Thousands of research studies describe the effects of ocean acidification on marine organisms. These empirical studies conducted over the last decade concentrate primarily on biological responses to tightly-controlled and constant levels of marine carbonate chemistry conditions, and provide information for understanding species responses to mean changes. However, as discussed recently in the literature, the lack of realism in experimental designs have led to questions and concerns about how laboratory studies can be extrapolated to the field. We are missing information on the role ocean acidification will play in natural environments that are at once highly dynamic and changing in complex ways. To more accurately inform predictions of future changes, we need to know how organisms tolerate mean conditions altered by global change, and the role of variance. Our study examined the effects of temporally-varying carbonate chemistry exposure regimes on the physiological responses of the articulated, coralline algae, Corallina vancouverensis.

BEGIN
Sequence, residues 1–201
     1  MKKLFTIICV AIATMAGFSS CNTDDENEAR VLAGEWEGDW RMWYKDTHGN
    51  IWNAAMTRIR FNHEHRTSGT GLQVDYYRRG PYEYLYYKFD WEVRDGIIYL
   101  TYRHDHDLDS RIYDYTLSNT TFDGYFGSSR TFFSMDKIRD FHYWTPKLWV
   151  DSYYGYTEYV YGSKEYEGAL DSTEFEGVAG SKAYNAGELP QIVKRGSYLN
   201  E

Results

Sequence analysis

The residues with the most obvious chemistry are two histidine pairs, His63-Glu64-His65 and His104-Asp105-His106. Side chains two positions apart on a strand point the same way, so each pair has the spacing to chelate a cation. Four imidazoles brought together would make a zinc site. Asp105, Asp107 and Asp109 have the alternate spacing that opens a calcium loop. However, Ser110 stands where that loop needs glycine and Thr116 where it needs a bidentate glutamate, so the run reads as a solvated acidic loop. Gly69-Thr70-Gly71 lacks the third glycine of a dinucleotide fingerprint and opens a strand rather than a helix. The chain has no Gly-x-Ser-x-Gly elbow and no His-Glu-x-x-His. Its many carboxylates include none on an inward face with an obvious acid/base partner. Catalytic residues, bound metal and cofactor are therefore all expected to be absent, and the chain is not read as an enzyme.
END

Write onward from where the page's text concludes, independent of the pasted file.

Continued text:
We found that while calcification rates declined linearly with decreasing saturation states, rates in variable conditions were lower than those from static conditions even though the total time spent in unfavorable chemistry was equal across treatments. Our results illustrate that incorporating natural environmental fluctuations across a range of frequencies in empirical studies can result in different outcomes than biological manipulation experiments performed in static conditions.